Clinical manifestations and diagnosis of rabies
- Alfred DeMaria, Jr, MD
Alfred DeMaria, Jr, MD
- Medical Director
- Bureau of Infectious Disease and Laboratory Sciences
- State Epidemiologist
- Massachusetts Department of Public Health
Rabies is one of the oldest and most feared human infections with the highest case fatality rate of any infectious disease.
The epidemiology, clinical manifestations, and diagnosis of rabies will be reviewed here. Management of patients with active rabies and prevention of infection are discussed separately (see "Rabies immune globulin and vaccine" and "When to use rabies prophylaxis" and "Treatment of rabies").
Although it was initially thought that a single virus was responsible for all rabies cases, rabies appears to be caused by a number of different species of neurotropic viruses in the Rhabdoviridae Family, genus Lyssavirus [1,2]. Antigenic and molecular genetic techniques have demonstrated that several viruses within this genus cause diseases clinically similar to rabies. Genetic sequencing of virus can help to determine the probable vector of transmission, such as a silver-haired bat or a raccoon .
The bullet-shaped, Lyssavirus virion contains a single-stranded RNA genome encoding five structural proteins. One of these genes encodes for an outer glycoprotein, which is a primary target for virus-neutralizing antibodies. Nucleotide sequence analysis of the gene that codes for the inner nucleoprotein enables the identification of the various rabies virus variants and their associated host species.
Viral tropism and dissemination — Lyssaviruses have a predilection for neural tissue and spread via peripheral nerves to the central nervous system (CNS). The mechanism by which rabies causes severe CNS disease is unclear. Lyssaviruses may produce neuronal dysfunction, such as autonomic instability, rather than neuronal death. Oxidative stress caused by dysfunction of mitochondria in neurons and other cells of the CNS may also be a pathway leading to the abnormalities observed .To continue reading this article, you must log in with your personal, hospital, or group practice subscription. For more information on subscription options, click below on the option that best describes you:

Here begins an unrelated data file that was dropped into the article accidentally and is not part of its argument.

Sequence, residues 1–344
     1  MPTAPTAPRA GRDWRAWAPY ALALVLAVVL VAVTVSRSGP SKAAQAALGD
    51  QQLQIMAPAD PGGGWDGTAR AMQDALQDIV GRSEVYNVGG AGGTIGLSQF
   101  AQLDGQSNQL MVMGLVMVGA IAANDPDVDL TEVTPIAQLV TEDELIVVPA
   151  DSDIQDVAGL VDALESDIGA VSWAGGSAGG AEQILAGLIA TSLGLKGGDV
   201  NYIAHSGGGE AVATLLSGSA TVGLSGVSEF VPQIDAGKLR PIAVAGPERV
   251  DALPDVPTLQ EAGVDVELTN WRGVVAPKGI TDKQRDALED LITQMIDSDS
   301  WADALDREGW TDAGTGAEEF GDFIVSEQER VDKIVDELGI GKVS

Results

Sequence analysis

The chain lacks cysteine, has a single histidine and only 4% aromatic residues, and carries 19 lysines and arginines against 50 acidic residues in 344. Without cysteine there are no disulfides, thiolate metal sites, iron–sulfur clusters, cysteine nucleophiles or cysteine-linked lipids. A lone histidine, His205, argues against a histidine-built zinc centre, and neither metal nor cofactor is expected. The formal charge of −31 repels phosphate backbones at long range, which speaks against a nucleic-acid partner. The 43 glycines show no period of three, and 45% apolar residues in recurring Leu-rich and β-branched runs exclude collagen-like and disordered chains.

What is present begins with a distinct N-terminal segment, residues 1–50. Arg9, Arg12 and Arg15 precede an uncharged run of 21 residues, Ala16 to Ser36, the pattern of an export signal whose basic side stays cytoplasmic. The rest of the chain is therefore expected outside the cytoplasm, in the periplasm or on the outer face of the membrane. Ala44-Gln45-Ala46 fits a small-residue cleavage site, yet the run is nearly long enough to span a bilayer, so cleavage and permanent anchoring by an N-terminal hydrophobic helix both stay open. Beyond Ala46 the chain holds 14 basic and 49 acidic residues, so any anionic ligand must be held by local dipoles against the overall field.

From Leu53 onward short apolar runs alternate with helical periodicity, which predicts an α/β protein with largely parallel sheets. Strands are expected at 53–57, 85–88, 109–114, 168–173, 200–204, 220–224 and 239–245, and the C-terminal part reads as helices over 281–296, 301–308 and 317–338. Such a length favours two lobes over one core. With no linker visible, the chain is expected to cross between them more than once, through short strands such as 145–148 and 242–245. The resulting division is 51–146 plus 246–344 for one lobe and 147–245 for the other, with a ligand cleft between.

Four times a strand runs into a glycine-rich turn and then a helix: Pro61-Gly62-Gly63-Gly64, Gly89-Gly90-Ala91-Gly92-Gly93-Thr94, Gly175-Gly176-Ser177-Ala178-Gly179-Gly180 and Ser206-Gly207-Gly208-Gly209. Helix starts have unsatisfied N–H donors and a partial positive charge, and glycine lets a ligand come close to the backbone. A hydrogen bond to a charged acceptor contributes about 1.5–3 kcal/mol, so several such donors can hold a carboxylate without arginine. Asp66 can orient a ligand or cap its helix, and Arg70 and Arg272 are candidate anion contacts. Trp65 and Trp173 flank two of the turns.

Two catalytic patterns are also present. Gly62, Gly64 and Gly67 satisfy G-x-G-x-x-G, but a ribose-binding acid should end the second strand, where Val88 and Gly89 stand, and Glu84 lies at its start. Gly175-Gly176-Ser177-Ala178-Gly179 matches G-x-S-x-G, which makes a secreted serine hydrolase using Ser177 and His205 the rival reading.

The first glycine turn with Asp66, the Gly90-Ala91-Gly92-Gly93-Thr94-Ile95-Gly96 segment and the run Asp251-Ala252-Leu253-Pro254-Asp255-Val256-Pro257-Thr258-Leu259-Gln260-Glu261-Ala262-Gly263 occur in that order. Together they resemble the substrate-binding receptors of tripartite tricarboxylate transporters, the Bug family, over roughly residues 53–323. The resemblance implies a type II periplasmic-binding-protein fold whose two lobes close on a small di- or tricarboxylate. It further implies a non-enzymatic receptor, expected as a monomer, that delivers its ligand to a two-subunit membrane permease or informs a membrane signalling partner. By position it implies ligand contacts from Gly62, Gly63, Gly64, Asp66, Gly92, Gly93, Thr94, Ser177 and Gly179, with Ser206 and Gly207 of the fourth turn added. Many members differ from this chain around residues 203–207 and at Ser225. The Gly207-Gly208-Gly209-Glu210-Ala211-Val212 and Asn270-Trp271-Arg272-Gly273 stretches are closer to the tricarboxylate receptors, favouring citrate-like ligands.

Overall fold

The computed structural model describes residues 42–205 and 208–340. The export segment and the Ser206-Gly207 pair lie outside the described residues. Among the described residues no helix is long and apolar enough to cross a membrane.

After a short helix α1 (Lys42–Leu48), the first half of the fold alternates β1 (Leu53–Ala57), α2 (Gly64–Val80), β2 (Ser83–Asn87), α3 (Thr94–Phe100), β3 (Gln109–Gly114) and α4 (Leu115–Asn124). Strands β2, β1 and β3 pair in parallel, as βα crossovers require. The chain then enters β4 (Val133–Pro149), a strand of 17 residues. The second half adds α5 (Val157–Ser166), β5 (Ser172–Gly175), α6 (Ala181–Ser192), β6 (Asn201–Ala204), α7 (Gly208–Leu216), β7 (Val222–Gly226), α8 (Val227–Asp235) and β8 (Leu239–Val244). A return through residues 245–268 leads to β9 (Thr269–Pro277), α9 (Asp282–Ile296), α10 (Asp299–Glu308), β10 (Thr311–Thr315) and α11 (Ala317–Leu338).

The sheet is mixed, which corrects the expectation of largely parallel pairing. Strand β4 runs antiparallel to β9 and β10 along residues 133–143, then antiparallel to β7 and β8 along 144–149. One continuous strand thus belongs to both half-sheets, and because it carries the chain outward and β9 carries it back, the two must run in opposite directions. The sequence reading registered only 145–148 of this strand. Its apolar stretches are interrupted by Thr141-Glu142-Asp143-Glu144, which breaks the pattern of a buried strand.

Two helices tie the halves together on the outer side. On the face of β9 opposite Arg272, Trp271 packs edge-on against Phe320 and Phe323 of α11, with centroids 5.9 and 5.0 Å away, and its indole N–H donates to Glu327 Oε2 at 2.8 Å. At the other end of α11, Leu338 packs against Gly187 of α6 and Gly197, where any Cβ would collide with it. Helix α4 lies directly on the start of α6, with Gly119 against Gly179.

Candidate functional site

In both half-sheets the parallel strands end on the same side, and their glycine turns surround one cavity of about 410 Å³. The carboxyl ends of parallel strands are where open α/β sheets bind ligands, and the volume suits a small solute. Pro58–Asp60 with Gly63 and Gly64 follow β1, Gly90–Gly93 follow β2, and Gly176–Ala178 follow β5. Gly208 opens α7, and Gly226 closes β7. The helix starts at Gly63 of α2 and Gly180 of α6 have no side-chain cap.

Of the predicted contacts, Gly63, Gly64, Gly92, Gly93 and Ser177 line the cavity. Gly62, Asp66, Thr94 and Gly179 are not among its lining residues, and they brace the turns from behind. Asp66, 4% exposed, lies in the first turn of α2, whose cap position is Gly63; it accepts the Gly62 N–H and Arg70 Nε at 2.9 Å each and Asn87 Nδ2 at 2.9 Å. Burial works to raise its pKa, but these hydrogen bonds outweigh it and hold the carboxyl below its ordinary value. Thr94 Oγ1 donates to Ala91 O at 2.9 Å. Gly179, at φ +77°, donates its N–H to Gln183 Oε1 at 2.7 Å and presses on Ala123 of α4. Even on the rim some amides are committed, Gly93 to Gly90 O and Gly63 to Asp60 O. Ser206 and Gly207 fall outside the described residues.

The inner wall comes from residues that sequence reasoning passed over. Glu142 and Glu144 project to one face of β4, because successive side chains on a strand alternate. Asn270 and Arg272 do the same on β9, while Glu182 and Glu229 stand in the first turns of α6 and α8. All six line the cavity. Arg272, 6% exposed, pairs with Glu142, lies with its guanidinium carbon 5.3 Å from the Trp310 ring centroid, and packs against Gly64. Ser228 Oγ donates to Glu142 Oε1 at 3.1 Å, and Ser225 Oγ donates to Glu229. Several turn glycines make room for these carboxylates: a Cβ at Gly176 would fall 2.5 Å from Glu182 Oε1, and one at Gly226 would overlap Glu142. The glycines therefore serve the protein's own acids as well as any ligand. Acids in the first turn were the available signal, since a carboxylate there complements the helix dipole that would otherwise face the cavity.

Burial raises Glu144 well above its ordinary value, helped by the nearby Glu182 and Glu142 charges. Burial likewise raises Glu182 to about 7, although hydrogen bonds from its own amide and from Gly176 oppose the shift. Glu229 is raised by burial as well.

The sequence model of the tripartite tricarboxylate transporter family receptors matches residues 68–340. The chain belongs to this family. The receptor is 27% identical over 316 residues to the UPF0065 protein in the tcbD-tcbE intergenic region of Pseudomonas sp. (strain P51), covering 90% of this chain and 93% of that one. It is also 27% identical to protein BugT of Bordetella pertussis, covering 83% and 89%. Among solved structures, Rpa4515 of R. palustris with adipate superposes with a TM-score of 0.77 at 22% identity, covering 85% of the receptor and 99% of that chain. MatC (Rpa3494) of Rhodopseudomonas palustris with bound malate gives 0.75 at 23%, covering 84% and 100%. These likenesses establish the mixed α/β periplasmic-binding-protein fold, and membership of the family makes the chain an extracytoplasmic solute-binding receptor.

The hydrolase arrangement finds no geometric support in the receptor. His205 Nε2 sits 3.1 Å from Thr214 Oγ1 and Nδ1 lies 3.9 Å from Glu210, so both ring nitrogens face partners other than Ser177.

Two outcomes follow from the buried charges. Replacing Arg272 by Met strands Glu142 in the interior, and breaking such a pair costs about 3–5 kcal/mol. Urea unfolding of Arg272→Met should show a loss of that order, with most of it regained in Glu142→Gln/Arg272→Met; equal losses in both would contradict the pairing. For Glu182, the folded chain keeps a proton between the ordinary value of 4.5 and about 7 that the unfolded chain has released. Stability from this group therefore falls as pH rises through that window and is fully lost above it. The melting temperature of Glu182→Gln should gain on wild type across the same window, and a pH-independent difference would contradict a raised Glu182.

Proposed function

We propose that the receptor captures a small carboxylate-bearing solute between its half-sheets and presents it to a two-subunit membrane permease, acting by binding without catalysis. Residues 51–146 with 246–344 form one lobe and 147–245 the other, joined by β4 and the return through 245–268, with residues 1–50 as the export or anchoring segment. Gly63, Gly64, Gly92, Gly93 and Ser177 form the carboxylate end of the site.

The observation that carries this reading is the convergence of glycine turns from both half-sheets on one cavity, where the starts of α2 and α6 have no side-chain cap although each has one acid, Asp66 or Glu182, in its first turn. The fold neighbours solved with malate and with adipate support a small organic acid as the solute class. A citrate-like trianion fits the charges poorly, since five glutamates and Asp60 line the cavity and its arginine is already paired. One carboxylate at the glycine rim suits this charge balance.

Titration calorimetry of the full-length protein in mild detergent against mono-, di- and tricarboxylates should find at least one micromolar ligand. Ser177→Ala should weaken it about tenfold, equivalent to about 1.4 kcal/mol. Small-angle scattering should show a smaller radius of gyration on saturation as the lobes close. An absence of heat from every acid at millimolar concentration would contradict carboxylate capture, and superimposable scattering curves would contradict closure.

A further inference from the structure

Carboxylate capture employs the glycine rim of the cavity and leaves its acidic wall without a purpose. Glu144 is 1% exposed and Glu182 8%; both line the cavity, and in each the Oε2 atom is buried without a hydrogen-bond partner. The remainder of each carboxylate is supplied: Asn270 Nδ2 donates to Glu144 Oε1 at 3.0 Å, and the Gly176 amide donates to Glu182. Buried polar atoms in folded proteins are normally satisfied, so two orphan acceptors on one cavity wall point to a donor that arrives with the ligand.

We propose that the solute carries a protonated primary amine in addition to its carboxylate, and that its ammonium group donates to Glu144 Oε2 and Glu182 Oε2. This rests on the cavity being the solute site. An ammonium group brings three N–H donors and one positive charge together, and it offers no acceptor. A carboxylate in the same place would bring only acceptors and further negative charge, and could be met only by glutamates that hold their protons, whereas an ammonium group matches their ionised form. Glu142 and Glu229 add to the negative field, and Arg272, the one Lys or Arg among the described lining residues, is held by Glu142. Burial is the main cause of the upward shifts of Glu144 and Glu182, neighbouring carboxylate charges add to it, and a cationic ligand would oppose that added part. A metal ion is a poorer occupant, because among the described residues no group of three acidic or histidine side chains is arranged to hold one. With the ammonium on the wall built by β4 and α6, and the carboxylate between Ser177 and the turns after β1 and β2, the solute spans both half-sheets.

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- Viral tropism and dissemination
- Host susceptibility to infection
- Geographic distribution
- - Animal reservoirs
- - Tissue or organ transplantation
- INCUBATION PERIOD
- CLINICAL MANIFESTATIONS
- Prodromal symptoms
- Clinical rabies
- - Encephalitic rabies
- - Paralytic rabies
- Laboratory findings
- Clinical diagnosis
- Laboratory diagnosis
- Sample collection
- Postmortem testing
- DIFFERENTIAL DIAGNOSIS
- TREATMENT AND PREVENTION
- SOCIETY GUIDELINE LINKS
- INFORMATION FOR PATIENTS
- SUMMARY AND RECOMMENDATIONS